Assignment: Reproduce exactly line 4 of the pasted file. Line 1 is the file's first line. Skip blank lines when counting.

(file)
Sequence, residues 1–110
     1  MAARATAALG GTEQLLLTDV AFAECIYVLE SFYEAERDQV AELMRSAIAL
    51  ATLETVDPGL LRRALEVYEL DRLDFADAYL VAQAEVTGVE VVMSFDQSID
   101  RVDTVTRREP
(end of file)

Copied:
   101  RVDTVTRREP